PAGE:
1. I do not doubt your motives.

        Our anti-trade politicians, however, are not looking at it that way. They'll use anything that comes along as a justification to oppose more international trade, and to whatever extent they can use the excuse of freedom of speech to throw a monkey wrench in our trade relationship with China (or anyone else), that's exactly what they'll do.

        Incidentally, the Obama administration did this twice with workers' rights--once in the South Korean trade agreement and another time in the Colombian trade agreement. In both cases it amounted to more or less the same thing. They renegotiated the agreement in order to put some lofty goal of worker protections into it--but the renegotiation language was really about throwing bones to unions like the UAW.

        "The deal was supported by Ford Motor Company, as well as the United Auto Workers, both of which had previously opposed the agreement. Remarking on the UAW's support, an Obama administration official was quoted as saying, "It has been a long time since a union supported a trade agreement" and thus the administration hopes for a "big, broad bipartisan vote" in the U.S. Congress in 2011.[16]"

    2. Risky, true, but what if we can win both ends?

    3. Actually - its, "The primary benefits of free trade are about getting all the trade fees billed to us to sell products in foreign markets and the ability to subsidize the purchase of imports making all taxpayers help foot our import goodies bill domestically."

  6. If you want to hamstring the U.S. economy for the benefit of free speech in Belarus, go run for office in Belarus.

    Individual Americans, however, should be free to purchase whatever imports they please from Belarus without being subject to your personal qualitative preferences.

    1. Let's posit that after decades of purchasing Belarussian (or, Chinese) products, and labor, and raw materials, domestic industries (manufacturing, retail, etc.) are devastated and, as a result, domestic employment opportunities for Americans dwindle without the emergence of other industries to accommodate millions of jobless individuals. Does this not *also* hamstring the U.S. economy?

      1. There's this thing called "creative destruction", and although the changes it bring are hard and difficult, long term economic growth is impossible without it.

        One of the reasons the area of the former Soviet Union can only compete on commodities and natural resources is because the Soviet Union "protected" their economy from creative destruction for so long, nothing else they can do or make now is particularly competitive on the world market. In other words, if anything was destructive to the long term marketability of industrial workers in the former Soviet Union today, surely it was "protecting" them from creative destruction.

        Meanwhile, the world you're describing is a world where economic growth doesn't happen because of creative destruction, and yet in the real world, our economy has continued to flourish--not only in spite of but also because of creative destruction. There are rough patches in the form of recessions, but American workers enjoy a higher standard of living today than they did before China joined the WTO in 2001.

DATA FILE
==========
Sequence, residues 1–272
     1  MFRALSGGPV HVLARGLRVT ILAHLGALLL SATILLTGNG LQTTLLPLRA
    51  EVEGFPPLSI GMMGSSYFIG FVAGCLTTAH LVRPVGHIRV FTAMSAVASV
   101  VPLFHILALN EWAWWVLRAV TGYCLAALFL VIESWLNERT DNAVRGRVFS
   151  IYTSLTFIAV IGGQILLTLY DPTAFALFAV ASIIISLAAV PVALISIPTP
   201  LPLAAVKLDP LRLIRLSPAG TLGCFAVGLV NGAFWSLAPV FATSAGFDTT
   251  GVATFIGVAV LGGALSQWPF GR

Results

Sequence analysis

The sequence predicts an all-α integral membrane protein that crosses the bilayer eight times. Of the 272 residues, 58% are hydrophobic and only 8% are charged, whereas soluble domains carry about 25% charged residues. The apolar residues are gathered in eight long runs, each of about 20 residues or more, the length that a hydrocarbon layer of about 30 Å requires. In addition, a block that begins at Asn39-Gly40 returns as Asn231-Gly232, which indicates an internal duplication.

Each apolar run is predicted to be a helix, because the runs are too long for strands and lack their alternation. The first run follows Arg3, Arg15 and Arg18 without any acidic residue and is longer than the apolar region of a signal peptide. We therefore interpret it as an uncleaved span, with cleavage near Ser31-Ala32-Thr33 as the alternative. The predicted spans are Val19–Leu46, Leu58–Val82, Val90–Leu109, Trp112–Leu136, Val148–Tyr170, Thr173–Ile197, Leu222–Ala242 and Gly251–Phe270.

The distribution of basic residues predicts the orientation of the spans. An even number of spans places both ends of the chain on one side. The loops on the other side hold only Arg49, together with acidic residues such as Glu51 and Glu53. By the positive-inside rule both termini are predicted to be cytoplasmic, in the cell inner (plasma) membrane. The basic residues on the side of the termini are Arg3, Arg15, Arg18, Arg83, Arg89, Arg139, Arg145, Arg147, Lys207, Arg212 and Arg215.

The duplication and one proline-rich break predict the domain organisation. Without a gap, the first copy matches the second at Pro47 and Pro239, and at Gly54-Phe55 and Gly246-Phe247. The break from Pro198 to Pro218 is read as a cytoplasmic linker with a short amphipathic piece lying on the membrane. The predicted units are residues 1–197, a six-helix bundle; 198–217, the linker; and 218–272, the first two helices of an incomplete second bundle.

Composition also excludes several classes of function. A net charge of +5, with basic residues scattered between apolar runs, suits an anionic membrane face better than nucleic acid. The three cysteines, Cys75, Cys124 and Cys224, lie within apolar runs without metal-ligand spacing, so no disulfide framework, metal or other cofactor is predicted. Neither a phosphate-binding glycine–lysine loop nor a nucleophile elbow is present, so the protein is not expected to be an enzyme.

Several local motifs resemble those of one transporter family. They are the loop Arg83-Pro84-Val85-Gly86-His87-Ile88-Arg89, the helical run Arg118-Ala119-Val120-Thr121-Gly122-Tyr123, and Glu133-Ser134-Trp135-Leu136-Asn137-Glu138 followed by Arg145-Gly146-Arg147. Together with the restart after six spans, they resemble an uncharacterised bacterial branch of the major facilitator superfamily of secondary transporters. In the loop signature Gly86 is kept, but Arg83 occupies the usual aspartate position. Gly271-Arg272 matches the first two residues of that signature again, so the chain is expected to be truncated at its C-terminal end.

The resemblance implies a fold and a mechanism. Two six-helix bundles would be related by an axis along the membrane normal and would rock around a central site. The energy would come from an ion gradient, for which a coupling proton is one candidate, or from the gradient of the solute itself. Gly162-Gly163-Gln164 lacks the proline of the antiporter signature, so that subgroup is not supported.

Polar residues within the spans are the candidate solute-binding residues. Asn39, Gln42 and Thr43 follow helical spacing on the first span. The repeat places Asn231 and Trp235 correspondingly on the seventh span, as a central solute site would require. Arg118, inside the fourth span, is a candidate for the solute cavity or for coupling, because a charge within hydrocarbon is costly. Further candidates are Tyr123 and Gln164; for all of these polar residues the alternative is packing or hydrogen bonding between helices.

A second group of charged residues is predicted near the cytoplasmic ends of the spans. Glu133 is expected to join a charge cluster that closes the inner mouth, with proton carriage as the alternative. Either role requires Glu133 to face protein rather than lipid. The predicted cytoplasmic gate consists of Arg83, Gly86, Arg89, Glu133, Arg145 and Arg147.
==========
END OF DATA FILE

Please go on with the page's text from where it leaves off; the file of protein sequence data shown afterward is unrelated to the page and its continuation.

Understand, there's no doubt that if you're the one who gets paid $65 an hour to screw in lug nuts, you are not better off (on average) for having your job replaced by a non-union worker overseas. The country's consumers and employers, on the other hand, are far better off for not having to pay for the costs associated with paying people $65 an hour to screw in lug nuts and still getting the same product. And that benefit to the whole economy is reflected in the numbers.

        The median income for U.S. workers has not fallen since China joined the WTO and so many manufacturing jobs were lost.

        1. If the dissipation of domestic industries is limited, I would agree that the principles of "creative destruction" can result in long term economic growth. It is inevitable that some industries will fade, while others will emerge to replace them. But is not possible, likely even, that the domestic industries that dissipate in future waves will no longer be limited to lug nut screwers, or other unskilled/low-skilled varieties or employment?

          What happens when the lug nut screwer becomes the physician's assistant? Or, the attorney? Or, the technology adviser? Financial managers? The human resources specialist? Does "creative destruction" provide a sufficient counter balance to the dissipation of traditionally "white collar" professions when there is an incentive to obtain such services from abroad for a fraction of the price? If doctors in India can diagnose our ailments and prescribe medications remotely, and our technological needs can be met by programmers from China, and so on and so forth, what happens then?

          Now, I concede that such a massive, coordinated wave of replacement, across many white collar industries, doesn't seem particularly likely to occur at the present moment. However, that is more due to the fact that, in many instances, there are domestic licensing restrictions in place to shield these industries from foreign competition (licensing, in reality, is a protective trade restriction) rather than it being the case that there is a lack of foreigner talent capable of doing the job.